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This page lists the rules for the use of the eszett and long s in various languages, as used by Michael von Preußen in his roleplay as the Emperor of Großgermania. This usage specifically ignores the alterations in the usage of the long and short s in the English in the mid-eighteenth century, as well as the alterations in the usage of the eszett as prescribed by the German orthography reform of 1996, which he considers to be an illegal usurpation and degradation of the German language.

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The majiscule and miniscule eszett

The eszett, or sharp s, is an integral part of the German language and its dialects. One of only a handful of letters worldwide with no orthographical majiscule form, the eszett is rendered ß, and may be capitalized as for use in all- and small-cap typography. Occasionally, and especially pre-Unicodification of the character, the capital eszett would appear as . When the character is unavailable, it may be substituted with 'ss' or 'sz', depending on situation.


The eszett is only natively found in the German language and its dialects, and as such, only German-language orthography rules apply to its use. Despite its ability to be substituted with 'ss', one should not consider the eszett a replacement for a double-s, only the other way around. The eszett is usually a distinct letter, and only replaces a double s when such is formed irregularly at the end of a word or word component. Words written with a double-s may not have such substituted with the eszett. Verfassung, for example, must never be written as Verfaßung (in modern orthography; archaically, the latter was an accepted variant). In addition, if an eszett is unavailable, one should always use 'sz' to replace the eszett if substituting in 'ss' would form a different word. For example, substituting 'ss' into the phrase in Maßen ("in limited amounts") would produce the phrase in Massen ("in massive amounts").

Long S

The miniscule long and short s

Unlike the eszett, the long s (ſ) has no majiscule approximation. In all-caps and small-caps, it is always replaced with a short s (s). Rules for the use of the long s are, by virtue of the two characters being alternative glyphs of each other, combined with rules for use of the short s (s).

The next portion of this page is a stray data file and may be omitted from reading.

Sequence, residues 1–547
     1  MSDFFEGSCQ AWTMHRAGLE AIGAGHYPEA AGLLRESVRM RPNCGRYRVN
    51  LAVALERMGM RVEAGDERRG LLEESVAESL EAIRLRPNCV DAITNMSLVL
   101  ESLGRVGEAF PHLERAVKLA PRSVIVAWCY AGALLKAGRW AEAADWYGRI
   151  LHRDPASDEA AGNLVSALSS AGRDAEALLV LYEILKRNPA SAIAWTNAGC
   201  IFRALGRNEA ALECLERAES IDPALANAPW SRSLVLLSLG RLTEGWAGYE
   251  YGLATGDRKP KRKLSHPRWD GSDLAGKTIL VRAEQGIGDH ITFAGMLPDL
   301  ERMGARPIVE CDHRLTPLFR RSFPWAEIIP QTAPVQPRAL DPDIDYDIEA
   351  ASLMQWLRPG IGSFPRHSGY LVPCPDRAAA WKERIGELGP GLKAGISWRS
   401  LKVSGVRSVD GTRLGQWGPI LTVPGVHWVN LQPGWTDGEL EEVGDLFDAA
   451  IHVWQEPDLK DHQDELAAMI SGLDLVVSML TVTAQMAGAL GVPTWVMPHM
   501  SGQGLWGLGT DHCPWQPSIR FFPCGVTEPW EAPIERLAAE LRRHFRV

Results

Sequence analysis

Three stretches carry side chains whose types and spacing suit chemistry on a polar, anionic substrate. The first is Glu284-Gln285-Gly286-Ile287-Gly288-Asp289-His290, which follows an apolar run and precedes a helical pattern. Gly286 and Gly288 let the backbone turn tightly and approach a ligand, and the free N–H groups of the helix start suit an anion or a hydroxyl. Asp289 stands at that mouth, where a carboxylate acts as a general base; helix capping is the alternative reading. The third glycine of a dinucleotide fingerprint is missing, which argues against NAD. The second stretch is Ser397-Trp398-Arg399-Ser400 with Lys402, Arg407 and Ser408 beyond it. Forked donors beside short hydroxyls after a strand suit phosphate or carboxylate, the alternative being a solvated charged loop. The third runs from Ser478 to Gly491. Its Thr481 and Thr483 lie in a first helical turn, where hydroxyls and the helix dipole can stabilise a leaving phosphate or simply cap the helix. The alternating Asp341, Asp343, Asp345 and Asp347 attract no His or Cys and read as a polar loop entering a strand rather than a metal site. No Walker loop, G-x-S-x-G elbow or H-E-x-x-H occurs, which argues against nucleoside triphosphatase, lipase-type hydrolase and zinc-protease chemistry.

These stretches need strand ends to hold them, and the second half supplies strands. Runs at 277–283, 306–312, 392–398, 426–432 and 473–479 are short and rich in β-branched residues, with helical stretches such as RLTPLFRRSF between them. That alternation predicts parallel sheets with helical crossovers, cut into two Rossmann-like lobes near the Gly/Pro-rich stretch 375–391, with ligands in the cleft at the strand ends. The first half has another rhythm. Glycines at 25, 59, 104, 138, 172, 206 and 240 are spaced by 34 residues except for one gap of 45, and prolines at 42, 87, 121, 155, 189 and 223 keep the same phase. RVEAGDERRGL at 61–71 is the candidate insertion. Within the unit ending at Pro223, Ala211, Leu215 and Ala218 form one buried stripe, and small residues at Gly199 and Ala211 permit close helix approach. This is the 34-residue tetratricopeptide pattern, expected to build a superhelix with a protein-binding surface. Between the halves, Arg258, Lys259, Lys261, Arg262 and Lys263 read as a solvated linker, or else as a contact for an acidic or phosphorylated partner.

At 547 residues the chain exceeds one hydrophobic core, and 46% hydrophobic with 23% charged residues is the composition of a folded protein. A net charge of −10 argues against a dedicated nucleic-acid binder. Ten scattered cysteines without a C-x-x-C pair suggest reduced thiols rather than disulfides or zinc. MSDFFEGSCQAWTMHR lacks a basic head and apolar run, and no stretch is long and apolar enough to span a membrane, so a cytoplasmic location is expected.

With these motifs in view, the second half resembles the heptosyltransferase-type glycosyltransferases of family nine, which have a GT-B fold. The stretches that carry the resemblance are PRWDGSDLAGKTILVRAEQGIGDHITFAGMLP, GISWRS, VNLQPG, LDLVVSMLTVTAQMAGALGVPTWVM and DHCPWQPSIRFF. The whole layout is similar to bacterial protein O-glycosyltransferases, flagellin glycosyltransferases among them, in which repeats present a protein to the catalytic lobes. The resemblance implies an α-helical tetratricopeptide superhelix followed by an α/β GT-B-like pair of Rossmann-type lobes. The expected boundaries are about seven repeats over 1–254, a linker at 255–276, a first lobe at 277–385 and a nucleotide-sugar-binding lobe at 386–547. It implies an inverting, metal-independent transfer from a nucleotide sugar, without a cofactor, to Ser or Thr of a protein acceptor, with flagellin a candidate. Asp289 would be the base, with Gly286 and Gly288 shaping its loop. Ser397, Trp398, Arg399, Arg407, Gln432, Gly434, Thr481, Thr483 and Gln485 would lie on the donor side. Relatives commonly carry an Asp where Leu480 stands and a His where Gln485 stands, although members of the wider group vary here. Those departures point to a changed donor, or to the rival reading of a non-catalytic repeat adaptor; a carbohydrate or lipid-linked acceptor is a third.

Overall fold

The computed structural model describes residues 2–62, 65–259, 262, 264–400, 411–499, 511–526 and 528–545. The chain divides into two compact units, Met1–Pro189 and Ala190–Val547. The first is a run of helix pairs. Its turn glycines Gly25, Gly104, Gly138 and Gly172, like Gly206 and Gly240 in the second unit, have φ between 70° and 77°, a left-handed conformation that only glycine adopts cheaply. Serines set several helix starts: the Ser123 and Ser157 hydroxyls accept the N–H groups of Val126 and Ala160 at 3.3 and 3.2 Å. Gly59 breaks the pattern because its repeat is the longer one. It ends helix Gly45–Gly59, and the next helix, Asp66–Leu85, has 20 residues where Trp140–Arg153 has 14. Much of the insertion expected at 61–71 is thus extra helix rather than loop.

English and related

The following rules apply to the use of the long and short s in English, Welsh, Cornish, and Lowland Scots. With the exception of the abbreviation and line-break rules, substitution of the long s can be completed automatically using Michael von Preußen's English Long S Replacer.

  1. A short s is used when in the majuscule form;
  2. A short s is used terminally, except in abbreviations;
  3. A short s is used before an apostrophe or a hyphen;
  4. A short s is used before the letters 'f', 'b', and 'k';
  5. A long s is used after a hyphen, the above-mentioned rules withstanding;
  6. A short s is used after the letter 'f';
  7. A short s is used after the letter 's', except after the second 's' in 'sss';
  8. Compounds having the base stem ending in 'ss' and the trailing stem beginning with 's' may be hyphenated or not;
  9. A long s is used initially and medially, the above-mentioned rules withstanding; and
  10. A long s is used before a hyphen at a line break, even when a short s would be otherwise used in that medial position.
  1. Sileſia
  2. ſays; ſ.
  3. clos'd; bird's-neſt
  4. ſatisfaction, husband, ask
  5. off-ſet
  6. offset
  7. ſucceſsful; croſsſtitch
  8. croſs-ſtaff; Croſsſtaff
  9. ſtupid; empreſs
  10. huſ-band

Note that the above-listed rules are as they applied when the long s fell into disuse in English. Variations in its use evolved over time before then, and may still be occasionally seen in reproductions of antiquated text. The 1765 printing of Danby Pickering's Statutes at Large, for instance, made liberal usage of ſſ, only adjusting to ſs at word-end.